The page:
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Animal House: Keep your eyes open

Cautious driving can save lives. This little raccoon’s mother and littermates were hit by a car on a Nova Scotia road. The surviving kit was taken to Hope for Wildlife in Seaforth.
Cautious driving can save lives. This little raccoon’s mother and littermates were hit by a car on a Nova Scotia road. The surviving kit was taken to Hope for Wildlife in Seaforth. - Lynn Curwin
TRURO, N.S. —

It’s spring, when temperatures are warming, plants are growing, and more animals are crossing roads. Unfortunately, that also means more animals will be seen dead on roadsides.

At this time of year many animals are travelling with their young, such as the duck who was crossing Robie Street recently when her ducklings fell into a storm drain. Luckily, someone concerned for her safety stopped to get her off the road and discovered the youngsters. This story had a happy ending, with the ducklings being rescued and reunited with their mother. Things could easily have turned out very differently. If no one had stopped the duck could have been hit by a car and the ducklings could have suffered a slow death underground.

While most of the wildlife road deaths take place at dusk or dawn, or during the night, it's important to watch for animals at all times while driving. I’ve stopped to help at more than one accident scene when animals were hit during daylight hours. While most involved wildlife some were cases where a dog or cat was struck.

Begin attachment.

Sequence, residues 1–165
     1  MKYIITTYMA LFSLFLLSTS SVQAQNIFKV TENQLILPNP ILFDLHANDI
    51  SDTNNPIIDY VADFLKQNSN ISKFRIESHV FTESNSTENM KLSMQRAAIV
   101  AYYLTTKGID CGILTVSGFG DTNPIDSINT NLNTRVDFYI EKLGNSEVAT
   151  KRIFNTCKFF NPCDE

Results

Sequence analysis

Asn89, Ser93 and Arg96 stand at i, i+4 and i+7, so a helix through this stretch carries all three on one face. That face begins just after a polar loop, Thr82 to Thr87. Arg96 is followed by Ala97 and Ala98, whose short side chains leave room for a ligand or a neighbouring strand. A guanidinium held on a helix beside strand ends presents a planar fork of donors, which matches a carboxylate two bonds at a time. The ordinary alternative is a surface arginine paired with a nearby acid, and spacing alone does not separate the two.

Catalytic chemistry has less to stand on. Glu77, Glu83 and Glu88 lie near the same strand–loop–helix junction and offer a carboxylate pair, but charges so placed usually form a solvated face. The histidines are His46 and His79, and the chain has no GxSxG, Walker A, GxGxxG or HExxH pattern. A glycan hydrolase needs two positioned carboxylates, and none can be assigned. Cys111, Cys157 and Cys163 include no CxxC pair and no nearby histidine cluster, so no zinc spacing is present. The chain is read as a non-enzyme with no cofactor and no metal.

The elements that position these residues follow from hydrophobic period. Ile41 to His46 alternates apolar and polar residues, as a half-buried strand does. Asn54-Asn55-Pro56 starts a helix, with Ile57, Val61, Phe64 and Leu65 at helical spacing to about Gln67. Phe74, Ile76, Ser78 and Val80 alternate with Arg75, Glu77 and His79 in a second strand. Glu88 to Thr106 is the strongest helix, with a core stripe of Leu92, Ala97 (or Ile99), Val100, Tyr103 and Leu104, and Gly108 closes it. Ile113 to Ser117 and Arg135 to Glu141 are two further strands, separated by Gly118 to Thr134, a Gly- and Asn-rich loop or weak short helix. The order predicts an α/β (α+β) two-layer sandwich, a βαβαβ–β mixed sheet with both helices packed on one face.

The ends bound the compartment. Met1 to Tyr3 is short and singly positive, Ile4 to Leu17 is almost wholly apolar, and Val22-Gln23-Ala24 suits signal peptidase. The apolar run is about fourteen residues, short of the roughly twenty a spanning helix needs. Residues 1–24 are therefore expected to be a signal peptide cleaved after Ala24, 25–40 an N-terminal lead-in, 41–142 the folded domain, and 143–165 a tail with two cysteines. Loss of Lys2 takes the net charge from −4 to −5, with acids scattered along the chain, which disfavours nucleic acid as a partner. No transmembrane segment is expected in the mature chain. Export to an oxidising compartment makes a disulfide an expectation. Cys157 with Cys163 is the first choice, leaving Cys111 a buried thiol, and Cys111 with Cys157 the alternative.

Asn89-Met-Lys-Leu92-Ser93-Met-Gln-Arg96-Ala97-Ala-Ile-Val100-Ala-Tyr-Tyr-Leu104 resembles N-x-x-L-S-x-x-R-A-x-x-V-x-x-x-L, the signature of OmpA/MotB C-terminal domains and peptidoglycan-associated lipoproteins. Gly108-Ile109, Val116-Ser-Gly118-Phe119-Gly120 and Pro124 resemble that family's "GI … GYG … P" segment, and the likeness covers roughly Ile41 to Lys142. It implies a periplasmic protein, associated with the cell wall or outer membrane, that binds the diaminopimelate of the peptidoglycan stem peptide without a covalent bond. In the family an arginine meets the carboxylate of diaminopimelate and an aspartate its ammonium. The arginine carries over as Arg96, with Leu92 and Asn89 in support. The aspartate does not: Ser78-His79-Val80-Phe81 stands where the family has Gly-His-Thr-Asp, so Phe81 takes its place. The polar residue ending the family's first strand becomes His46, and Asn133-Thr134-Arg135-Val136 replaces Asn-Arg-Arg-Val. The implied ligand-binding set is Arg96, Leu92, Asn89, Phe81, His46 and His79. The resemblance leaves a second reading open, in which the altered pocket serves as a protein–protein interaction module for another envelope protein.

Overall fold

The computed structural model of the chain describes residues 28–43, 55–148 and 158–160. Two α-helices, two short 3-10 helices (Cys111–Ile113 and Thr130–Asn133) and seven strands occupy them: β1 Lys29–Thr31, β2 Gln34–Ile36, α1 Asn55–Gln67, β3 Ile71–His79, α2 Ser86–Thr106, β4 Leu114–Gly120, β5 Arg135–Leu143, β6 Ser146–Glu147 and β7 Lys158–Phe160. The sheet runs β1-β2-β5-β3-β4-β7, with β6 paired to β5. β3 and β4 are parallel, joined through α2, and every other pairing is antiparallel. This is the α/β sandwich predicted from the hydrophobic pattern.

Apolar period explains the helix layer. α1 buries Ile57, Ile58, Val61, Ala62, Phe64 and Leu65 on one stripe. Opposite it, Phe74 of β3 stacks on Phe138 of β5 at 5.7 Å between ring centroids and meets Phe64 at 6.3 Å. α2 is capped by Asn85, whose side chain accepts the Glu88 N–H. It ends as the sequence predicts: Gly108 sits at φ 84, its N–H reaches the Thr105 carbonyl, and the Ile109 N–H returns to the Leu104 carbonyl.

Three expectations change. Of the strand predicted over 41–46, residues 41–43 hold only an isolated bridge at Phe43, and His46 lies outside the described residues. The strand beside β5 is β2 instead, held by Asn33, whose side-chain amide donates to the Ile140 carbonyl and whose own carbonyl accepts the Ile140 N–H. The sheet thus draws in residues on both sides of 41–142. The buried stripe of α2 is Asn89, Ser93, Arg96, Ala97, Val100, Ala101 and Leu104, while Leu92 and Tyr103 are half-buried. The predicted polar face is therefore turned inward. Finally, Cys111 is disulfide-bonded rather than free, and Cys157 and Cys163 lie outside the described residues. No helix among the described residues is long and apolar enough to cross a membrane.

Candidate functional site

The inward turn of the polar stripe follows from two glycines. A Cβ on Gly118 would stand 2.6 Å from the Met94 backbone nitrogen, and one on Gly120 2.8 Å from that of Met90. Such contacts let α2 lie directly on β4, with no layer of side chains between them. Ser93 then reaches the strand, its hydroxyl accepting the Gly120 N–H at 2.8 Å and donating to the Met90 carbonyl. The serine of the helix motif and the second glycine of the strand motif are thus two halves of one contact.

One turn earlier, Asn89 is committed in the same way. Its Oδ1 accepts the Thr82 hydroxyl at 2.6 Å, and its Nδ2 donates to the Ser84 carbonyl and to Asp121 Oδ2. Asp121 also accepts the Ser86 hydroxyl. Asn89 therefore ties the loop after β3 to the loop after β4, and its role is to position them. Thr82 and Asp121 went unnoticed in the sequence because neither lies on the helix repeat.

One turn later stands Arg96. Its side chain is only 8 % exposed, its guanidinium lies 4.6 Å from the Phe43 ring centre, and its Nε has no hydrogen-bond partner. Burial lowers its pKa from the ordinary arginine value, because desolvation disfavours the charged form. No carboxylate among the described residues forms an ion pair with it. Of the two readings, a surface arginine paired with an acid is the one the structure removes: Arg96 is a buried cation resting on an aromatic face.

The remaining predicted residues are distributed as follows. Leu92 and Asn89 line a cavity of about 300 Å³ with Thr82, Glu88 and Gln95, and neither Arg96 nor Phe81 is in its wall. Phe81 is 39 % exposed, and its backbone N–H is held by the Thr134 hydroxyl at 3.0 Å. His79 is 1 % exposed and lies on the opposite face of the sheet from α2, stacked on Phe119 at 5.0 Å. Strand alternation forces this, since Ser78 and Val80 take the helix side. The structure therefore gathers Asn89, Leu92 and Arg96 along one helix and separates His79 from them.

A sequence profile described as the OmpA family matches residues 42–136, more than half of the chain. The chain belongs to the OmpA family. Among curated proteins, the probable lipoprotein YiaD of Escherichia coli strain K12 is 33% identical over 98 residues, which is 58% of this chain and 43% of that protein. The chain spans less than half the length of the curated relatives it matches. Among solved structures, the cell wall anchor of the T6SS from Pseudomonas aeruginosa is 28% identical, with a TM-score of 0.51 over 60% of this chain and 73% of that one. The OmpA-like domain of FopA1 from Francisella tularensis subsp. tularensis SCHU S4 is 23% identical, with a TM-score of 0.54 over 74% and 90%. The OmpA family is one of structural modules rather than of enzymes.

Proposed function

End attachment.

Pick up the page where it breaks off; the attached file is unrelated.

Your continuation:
Simply slowing down can save lives. It’s also important to not only look at the road ahead, but to continually glance to the sides. At night, you may see the reflection of eyes in your headlights.

One of the most dangerous things people do is throw bits of food and food wrappers from vehicles. Animals are drawn to this and then hit by cars.

Because roads are often constructed through wildlife habitat, many of the animals who are killed are travelling along their usual routes or searching for food.

More animals are killed than most people realize. Some are injured and make it to a wooded area before dying.

If you do hit an animal, don’t leave it to die. Smaller animals can sometimes be coaxed into pet carriers or boxes, but it’s important to be careful as some frightened animals will bite.

If an animal is dead, move it off the road if you can do so safely. This will prevent animals who feed on carrion from being killed.

Sometimes a young animal may be drawn to the body of family members. My daughter Kyna came across a living raccoon kit next to the bodies of her family members, who had been hit by a vehicle. She was able to capture the little one and get him to Hope for Wildlife in Chezzetcook, where he was cared for until he could be released into the wild.

Injured birds can be taken to the Cobequid Wildlife Rehabilitation Centre in Hilden.

Tunnels and overpasses have been built in many areas to help animals cross roads safely. When an eight-foot high fence was constructed along the Trans-Canada through Banff National Park to redirect animals to underpasses and overpasses highway kills dropped 96 per cent.

Please do your part and be cautious because we share roads with animals at times, too.

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